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UH Cynthia Woods Mitchell Center Awards Innovation Grants to Cutting-Edge Creative Projects

CotA professors present groundbreaking work that showcases talent from the University and beyond.

Every year, the University of Houston Cynthia Woods Mitchell Center for the Arts awards Innovation Grants to cutting-edge projects from the UH School of Art, Moores School of Music, School of Theater and Dance, Creative Writing Program and Blaffer Art Museum.

The Innovation Grants Program, created in 2012 with major funding from the Houston Endowment, Inc., was developed to spur imaginative, transformational programming and underscore the University’s role in generating new scholarly and artistic works. Now that UH has launched the new College of the Arts (CotA), the 2016-17 projects will not only elevate CotA’s departments, but will highlight the excellent work generated by arts students, faculty and programs.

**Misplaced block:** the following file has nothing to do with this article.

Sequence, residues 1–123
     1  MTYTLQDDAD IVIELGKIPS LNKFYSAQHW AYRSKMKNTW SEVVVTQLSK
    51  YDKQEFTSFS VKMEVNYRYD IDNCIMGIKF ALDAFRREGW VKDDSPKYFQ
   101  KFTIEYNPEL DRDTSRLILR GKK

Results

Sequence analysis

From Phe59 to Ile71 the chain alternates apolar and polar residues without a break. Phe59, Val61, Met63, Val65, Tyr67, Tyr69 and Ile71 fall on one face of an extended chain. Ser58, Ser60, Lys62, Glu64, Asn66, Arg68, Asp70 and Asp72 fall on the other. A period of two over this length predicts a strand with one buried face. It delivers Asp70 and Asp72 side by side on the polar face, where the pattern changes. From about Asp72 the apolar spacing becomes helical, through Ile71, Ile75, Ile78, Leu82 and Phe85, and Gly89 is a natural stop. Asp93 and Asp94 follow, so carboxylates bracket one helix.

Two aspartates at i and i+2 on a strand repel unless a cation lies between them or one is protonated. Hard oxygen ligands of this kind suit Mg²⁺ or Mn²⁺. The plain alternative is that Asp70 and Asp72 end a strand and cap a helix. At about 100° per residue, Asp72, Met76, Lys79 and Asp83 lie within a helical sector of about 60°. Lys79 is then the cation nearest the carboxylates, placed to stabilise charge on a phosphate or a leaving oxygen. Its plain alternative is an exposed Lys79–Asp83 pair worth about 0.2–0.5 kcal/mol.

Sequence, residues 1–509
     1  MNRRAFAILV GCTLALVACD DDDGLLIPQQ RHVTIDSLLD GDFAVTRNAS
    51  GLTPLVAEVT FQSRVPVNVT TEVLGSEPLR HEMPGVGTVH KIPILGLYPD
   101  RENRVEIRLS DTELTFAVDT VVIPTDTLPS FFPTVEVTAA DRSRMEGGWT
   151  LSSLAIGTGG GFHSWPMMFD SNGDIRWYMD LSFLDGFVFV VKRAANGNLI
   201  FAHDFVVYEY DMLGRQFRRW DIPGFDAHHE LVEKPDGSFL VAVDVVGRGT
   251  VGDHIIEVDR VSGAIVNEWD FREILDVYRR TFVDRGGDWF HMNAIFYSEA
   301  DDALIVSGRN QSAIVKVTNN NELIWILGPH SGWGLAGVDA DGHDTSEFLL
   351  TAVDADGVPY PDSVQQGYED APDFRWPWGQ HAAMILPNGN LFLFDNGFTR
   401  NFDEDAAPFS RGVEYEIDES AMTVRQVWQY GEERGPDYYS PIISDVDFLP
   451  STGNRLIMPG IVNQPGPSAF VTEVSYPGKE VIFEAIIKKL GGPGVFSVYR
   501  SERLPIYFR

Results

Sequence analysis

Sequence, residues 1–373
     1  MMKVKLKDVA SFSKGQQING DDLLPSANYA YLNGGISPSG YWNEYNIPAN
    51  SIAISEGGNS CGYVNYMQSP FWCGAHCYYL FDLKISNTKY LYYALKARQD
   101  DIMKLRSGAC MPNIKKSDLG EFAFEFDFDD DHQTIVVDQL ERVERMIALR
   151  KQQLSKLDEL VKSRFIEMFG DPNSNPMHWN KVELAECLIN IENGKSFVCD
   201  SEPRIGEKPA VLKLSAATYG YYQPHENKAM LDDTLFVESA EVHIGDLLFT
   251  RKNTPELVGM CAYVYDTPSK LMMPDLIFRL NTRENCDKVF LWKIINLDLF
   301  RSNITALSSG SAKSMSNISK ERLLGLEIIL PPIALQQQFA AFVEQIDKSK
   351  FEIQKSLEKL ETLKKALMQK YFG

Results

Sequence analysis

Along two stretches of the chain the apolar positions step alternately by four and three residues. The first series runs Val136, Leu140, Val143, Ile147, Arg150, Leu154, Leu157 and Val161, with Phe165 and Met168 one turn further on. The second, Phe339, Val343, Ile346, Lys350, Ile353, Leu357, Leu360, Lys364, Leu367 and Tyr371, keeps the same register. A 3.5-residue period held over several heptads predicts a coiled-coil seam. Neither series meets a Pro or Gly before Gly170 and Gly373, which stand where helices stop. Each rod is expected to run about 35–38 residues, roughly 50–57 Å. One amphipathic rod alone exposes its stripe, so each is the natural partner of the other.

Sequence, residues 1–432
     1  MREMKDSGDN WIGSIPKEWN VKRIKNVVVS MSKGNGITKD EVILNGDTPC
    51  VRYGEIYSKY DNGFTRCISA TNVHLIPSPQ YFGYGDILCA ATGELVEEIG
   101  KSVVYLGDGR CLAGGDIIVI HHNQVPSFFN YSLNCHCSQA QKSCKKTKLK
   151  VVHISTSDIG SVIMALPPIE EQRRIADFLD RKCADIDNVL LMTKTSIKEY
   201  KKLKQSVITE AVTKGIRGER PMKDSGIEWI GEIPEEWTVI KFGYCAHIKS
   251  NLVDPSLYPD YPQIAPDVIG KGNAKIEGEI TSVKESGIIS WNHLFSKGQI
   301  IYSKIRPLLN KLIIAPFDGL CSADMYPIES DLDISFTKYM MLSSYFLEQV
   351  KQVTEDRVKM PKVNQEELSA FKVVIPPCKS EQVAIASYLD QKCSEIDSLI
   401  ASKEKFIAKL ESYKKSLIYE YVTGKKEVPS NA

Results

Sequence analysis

“The Innovation Grants Program showcases the truly forward-thinking qualities of the University of Houston’s arts departments,” said Karen Farber, Director of the Cynthia Woods Mitchell Center. “UH is a hub for experimentation and invention in the arts, feeding the next generation of forward-thinking practitioners into our city’s arts landscape.”

The Cynthia Woods Mitchell Center awarded projects that explore history, literature, movement and memory from the School of Art, the School of Theatre and Dance, Blaffer Art Museum, and the Moores School of Music.

Blaffer Art Museum, School of Art